Rain quells area fires

A good shot of rain over the weekend quieted what looked like the beginning of southwestern Montana’s fire season.

The Rumsey Gulch fire outside of Philipsburg is contained as of this weekend.

“Things are looking good,” said Leona Rodreick with the Forest Service dispatch center in Dillon. “Crews are mopping up hotspots now.”

After a tree fell on a power line, the forest fire sparked on May 13 and burned close to 350 acres in a week. The fire was reported at around 6 p.m. on May 13. Fast winds aided the fire to spread quickly.

Fire continues to smolder, but crews have sent some firefighters home and are now working on creating fire lines and have shifted into patrol mode where the fire is monitored rather than actively fought.

Residents were allowed to return to their homes as crews battled the remaining flames. About twenty homes were evacuated during fire. The fire destroyed five homes in Rumsey Gulch and threatened homes in Summer Gulch.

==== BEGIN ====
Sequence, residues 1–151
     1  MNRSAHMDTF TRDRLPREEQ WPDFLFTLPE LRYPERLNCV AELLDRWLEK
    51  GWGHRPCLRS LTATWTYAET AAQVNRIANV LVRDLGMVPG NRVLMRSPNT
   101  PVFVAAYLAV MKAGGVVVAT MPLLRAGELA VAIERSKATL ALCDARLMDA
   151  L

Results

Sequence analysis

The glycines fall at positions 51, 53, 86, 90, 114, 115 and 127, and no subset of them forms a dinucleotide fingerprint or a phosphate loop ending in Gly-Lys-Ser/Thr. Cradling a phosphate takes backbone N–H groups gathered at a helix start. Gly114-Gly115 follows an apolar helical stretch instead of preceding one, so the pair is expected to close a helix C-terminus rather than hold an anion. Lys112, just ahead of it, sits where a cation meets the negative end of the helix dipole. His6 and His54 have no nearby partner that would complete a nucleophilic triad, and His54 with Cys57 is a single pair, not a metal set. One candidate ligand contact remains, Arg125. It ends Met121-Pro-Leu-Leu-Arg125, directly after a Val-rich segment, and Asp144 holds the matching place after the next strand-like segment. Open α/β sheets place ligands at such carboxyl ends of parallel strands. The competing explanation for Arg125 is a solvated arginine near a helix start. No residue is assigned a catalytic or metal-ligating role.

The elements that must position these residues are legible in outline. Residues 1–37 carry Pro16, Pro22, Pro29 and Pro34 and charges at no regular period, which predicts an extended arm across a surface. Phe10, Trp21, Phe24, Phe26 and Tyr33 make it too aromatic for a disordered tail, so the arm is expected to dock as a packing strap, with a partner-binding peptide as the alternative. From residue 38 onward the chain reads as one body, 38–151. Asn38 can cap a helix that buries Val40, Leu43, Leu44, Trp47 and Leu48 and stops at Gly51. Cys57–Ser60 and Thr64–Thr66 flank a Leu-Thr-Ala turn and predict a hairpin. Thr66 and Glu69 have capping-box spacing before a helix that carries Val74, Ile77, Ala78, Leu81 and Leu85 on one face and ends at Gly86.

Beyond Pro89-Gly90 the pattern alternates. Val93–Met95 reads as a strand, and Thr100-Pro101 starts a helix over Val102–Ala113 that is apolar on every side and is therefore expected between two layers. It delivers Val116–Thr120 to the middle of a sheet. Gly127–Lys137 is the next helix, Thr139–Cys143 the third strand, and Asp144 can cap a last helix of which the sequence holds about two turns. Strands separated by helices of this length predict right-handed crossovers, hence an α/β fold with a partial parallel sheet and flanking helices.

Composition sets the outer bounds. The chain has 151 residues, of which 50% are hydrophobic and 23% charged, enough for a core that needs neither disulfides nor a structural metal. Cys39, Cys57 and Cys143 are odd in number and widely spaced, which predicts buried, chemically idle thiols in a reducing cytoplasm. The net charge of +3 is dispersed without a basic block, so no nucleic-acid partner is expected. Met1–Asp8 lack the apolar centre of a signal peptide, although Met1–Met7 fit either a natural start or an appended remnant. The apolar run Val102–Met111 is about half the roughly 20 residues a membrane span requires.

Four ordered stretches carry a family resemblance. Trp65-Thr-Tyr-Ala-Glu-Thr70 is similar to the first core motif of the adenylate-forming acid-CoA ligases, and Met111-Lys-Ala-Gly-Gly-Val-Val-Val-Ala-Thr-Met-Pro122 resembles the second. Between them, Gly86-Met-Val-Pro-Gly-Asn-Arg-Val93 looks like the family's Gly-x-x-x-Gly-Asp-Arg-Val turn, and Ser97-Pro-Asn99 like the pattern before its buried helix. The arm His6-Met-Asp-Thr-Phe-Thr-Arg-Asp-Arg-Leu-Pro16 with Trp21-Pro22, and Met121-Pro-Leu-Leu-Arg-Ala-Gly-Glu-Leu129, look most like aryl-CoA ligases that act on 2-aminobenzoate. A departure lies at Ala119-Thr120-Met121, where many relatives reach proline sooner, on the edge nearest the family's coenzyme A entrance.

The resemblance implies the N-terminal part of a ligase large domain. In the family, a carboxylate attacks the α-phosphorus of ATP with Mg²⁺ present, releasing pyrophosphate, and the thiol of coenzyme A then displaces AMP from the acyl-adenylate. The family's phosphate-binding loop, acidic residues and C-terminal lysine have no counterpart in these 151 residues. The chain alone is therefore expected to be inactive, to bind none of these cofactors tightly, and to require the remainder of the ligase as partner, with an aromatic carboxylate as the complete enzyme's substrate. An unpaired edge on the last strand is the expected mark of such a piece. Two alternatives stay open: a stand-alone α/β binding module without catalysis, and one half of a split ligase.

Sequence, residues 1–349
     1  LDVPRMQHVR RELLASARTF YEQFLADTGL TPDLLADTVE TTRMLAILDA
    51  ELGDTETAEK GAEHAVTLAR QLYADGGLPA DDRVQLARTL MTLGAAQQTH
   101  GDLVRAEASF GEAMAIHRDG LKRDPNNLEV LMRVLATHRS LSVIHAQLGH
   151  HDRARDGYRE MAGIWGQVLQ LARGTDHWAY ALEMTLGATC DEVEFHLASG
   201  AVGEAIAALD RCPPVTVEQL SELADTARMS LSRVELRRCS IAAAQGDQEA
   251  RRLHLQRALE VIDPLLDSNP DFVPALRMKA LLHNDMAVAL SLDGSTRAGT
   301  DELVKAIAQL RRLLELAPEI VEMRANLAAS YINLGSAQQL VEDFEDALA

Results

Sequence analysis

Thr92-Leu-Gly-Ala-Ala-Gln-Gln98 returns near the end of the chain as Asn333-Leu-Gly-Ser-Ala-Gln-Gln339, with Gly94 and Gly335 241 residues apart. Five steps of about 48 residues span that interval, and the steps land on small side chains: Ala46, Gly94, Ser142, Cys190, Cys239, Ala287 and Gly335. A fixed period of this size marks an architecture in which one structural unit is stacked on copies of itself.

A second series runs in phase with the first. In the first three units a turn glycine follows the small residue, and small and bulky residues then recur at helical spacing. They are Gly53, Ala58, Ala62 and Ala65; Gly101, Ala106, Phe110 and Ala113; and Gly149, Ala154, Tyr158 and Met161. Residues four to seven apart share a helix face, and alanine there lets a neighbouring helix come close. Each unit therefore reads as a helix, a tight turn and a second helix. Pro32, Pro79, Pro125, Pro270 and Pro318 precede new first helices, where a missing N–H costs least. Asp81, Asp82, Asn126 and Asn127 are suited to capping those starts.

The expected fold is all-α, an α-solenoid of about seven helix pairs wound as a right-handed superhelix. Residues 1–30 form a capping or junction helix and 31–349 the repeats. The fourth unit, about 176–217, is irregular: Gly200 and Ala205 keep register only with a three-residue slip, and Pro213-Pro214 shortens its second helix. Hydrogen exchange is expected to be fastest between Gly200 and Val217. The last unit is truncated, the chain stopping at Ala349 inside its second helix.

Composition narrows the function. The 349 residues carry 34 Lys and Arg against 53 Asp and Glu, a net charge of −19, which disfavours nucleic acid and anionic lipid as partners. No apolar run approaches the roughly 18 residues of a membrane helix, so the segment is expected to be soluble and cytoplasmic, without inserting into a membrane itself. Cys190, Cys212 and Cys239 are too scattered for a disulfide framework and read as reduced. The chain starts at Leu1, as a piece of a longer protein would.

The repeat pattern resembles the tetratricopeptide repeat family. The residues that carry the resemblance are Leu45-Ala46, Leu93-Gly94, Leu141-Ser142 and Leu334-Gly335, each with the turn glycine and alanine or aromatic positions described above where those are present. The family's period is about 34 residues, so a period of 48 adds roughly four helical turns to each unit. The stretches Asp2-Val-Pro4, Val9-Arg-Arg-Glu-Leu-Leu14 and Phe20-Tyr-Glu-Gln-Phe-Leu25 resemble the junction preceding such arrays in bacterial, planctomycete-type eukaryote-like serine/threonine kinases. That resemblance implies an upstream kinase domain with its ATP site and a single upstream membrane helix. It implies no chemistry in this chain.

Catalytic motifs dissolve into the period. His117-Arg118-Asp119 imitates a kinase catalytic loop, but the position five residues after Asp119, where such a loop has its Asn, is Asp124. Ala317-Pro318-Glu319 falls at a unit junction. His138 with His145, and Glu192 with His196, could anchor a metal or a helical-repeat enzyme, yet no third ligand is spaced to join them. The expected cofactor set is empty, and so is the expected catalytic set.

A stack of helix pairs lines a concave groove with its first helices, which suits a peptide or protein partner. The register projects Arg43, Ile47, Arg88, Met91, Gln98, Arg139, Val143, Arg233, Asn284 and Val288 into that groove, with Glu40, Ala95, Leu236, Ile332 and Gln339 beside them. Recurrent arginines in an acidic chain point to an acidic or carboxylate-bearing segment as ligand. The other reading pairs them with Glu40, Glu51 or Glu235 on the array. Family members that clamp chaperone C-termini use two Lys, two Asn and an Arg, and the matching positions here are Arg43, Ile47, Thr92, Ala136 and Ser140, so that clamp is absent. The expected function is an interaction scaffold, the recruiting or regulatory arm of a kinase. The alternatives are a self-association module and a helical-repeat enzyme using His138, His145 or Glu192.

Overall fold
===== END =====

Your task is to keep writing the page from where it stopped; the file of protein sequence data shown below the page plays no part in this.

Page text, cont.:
Crews also contained a fire west of Wise River last week. The fire was caused by a tree falling on a power line and burned 33 acres of grass, brush and pines before being contained. No structures were burned in that fire.

A wildfire 20 miles northeast of Helena continues to burn and remains under investigation.  It is suspected that the fire was human-caused. So far, the blaze has consumed 430 acres and is close to containment. Nelson Road was reopened on Sunday.

Officials have predicted a bad fire season based on current drought conditions and the lack of snow pack in the mountains.

As of the end of April, parts of southwestern Montana were declared to be in a severe drought. Soil moisture in this part of the state is near record lows.

The national forecast predicts an above normal wildland fire risk in southwestern Montana and northern Idaho. The predictions call for the fire season to start a month earlier than usual in Montana, Oregon, central Idaho and southern Washington. In these areas, national officials predict the fire season to be at its worst during July and August.

National cutbacks could affect the resources available to fight this summer’s wildfires.

According to Rodreick, this weekend’s rain showers will help to delay the start of the fire season momentarily.

“It’s helpful right now,” said Rodreick. “But it’s not going to save us. We could use more moisture. That’s for sure.”

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